When disasters strike around the world, one of the most common facts news outlets report is the extent of the damage done in dollars.  For instance:

  • The estimated physical damage done to New York City during the frightening terror attacks on the World Trade Center was around $55 billion.
  • Hurricane Katrina struck New Orleans in 2005 dealing somewhere between $108 billion and $150 billion worth of damage, depending on your source.
  • The tragic tsunami that struck Japan in 2011 is said to have done around $300 billion dollars in damage.

That practice has also been taken up by diehard fans who seek to estimate the devastation wrought upon our favorite fictional worlds, as well.  In 2013, Buzzfeed.com consulted Watson Technical Company to estimate the damage done to Metropolis during Superman and General Zod’s climactic battle in Man of Steel.  The verdict:  Around $750 billion!

And just this month, Zachary Feinstein, an Assistant Professor with the Electrical and Systems Engineering Department at Washington University in St. Louis, Missouri, did the same (and more) with the destruction of both Death Stars in the Star Wars cinematic universe.

Price of the Death Star: By the Numbers

Feinstein uses some mathematical magic – namely via reasonable assumptions, comparisons, and approximations – to establish that:

1.  The first Death Star cost the Empire approximately $193 quintillion.  (Since a quintillion is not tumblr_mk2tfq2PYR1s5jjtzo1_400a number you see regularly and to save you a Google search, it is a 1 followed by 18 zeros = 1,000,000,000,000,000,000).  Also, the steel alone for this first – and the smaller of the two – Death Stars would cost around $852 quadrillion (a 1 followed by 15 zeros = 1,000,000,000,000,000) which Centives reports is approximately 13,000 times the whole world’s GDP in 2012.

2.  The second Death Star, being significantly larger (900km in diameter versus the 160km of the first according to Wookieepedia) cost significantly more; namely $419 quintillion.

3.  The Gross Galactic Product, via a comparison of the Death Star to the Manhattan Project, is approximately $4.6 sextillion per year. (That is a 1 followed by 21 zeros = 1,000,000,000,000,000,000,000)

He then gets in to some economics that, quite frankly, are more complex than I ever received schooling for to establish that a generous estimation of the Empire’s fiscal responsibility leaves them saddled with around $515.5 quintillion in outstanding debt after the dissolution of the government with Palpatine’s death and the destruction of both weapons. That is roughly 84% of the total costs of both weapons (Feinstein graciously assumes that the Empire paid 50% of the first one off, but none of the second by the time of Palpatine’s demise).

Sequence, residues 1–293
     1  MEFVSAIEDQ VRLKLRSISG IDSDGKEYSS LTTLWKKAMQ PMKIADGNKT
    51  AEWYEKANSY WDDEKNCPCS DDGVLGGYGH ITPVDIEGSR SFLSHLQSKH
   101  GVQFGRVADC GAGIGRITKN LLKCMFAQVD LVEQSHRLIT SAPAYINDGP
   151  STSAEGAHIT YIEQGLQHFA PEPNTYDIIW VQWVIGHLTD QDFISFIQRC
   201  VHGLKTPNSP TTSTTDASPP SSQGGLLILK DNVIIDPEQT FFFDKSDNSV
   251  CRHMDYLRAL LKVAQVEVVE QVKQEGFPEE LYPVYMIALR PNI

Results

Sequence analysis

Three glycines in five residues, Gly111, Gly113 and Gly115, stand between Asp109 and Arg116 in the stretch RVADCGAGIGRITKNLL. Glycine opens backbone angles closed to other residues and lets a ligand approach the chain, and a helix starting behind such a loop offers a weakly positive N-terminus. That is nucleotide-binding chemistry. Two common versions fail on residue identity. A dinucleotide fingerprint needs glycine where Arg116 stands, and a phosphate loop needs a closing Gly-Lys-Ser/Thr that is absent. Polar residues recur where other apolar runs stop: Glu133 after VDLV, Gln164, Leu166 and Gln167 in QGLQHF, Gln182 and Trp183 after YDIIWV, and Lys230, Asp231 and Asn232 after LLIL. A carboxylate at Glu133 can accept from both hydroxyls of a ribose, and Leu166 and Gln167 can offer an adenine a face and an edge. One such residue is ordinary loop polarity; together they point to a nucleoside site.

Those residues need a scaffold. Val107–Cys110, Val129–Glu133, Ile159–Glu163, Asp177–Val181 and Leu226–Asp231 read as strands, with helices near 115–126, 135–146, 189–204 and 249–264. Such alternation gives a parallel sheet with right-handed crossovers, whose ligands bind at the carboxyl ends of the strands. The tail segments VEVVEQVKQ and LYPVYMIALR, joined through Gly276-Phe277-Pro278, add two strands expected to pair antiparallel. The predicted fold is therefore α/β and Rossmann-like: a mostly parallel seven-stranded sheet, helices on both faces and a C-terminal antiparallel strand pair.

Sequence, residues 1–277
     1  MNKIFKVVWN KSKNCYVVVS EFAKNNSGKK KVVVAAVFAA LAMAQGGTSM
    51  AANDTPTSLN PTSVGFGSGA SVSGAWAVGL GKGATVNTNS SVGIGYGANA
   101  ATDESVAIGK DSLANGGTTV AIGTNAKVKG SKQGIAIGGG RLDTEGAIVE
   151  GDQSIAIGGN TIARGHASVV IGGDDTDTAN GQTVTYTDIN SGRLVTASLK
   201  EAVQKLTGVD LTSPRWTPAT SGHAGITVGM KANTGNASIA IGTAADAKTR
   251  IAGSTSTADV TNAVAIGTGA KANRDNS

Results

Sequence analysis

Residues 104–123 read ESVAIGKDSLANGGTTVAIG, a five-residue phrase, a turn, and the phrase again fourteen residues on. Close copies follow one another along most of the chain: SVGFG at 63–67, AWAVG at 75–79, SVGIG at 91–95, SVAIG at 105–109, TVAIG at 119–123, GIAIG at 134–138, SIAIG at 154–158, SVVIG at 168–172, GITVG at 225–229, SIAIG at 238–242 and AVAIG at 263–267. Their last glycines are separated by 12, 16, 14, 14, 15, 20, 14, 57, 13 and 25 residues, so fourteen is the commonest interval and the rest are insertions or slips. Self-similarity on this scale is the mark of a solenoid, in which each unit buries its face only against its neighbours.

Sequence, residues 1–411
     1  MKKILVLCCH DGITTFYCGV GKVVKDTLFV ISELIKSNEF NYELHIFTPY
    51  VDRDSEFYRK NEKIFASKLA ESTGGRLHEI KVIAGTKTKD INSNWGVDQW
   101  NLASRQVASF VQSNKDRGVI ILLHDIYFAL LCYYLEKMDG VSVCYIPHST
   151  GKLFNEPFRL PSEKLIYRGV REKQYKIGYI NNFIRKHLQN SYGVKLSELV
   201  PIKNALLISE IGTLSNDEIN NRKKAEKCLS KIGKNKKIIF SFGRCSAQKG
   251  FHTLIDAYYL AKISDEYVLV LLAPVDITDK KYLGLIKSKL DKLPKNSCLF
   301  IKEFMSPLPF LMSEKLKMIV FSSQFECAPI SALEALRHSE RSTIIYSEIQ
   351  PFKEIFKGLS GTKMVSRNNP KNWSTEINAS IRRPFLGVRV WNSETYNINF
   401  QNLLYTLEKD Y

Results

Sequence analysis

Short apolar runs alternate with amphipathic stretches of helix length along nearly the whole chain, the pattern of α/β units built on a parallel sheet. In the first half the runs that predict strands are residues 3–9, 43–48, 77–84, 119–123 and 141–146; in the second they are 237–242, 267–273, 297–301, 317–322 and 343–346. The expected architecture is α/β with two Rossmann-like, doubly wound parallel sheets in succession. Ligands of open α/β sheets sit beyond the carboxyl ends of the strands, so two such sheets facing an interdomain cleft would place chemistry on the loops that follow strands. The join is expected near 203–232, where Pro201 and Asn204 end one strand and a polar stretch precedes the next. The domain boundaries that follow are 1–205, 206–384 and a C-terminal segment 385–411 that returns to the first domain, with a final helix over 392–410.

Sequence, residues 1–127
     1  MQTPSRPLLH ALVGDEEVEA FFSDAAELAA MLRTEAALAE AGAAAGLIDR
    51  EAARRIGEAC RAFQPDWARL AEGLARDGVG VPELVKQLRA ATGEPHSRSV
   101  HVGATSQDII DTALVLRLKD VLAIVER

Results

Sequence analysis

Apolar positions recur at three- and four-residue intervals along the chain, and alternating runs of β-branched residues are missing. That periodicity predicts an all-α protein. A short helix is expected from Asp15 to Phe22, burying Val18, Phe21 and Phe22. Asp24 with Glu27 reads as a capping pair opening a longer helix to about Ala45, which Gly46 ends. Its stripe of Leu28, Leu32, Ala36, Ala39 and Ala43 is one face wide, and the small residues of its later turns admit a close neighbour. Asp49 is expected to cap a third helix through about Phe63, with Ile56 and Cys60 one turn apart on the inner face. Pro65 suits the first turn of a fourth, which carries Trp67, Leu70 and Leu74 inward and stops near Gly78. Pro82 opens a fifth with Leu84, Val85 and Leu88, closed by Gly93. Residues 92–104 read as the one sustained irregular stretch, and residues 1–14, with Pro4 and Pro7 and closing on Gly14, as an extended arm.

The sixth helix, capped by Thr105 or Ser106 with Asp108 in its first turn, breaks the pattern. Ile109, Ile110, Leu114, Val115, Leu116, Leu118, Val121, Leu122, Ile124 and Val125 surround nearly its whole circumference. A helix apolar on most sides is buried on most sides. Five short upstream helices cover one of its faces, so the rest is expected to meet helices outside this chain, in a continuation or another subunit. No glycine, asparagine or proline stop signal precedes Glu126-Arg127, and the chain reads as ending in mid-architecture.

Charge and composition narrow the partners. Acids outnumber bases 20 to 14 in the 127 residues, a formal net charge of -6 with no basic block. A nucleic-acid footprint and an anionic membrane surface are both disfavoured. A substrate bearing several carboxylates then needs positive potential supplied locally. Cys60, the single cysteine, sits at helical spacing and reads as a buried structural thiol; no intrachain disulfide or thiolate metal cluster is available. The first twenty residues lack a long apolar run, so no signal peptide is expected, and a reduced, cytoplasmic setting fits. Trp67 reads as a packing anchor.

Then, predicting and assuming factors like GGP growth, asset depreciation after a terrorist attack (the Rebels’ actions against the Empire), and even deposit insurance (which would have to be held by the Rebels), Feinstein states that “the Rebel Alliance would need to prepare a bailout of at least 15%, and likely at least 20%, of GGP in order to mitigate the systemic risks and the sudden and catastrophic economic collapse. Without such funds at the ready,” concludes Feinstein, “it is likely the Galactic economy would enter an economic depression of astronomical proportions.”

Price of the Death Star: Final Thoughts

Seeing the Death Stars blow up is one thing; ascertaining the impact of said explosions is a whole giphy-4‘nother level of nerdy appreciation.  Its not as if the Empire just went, “Aw…That stung a bit, but we’ll get ’em next time!

There are layers to our favorite universes.  The happenings in those universes have repercussions in those universes.  The Empire has cabinets, committees, and panels deliberating over dollars, campaigns, and economics just as we do.

They just don’t make for the most thrilling cinema so they usually (looking at you, Phantom Menace!) remain nothing more than assumed in the movies.  But these numbers grant us scale, and scale, perspective.

Now when I watch the Death Stars explode, I won’t think, “Well there goes the Empire’s greatest weapon” (though Vader eerily cautioned that the Force is far more powerful when he said, “The ability to destroy a planet is insignificant next to the power of the Force.”).  Hereon out I’ll think, “Well there goes the galaxy.”  For as Feinstein proved in his paper:  There is simply no avoiding cataclysmic financial depression after the second Death Star goes boom.

You can read Feinstein’s paper in its entirety (only 10 pages including reference citations) here.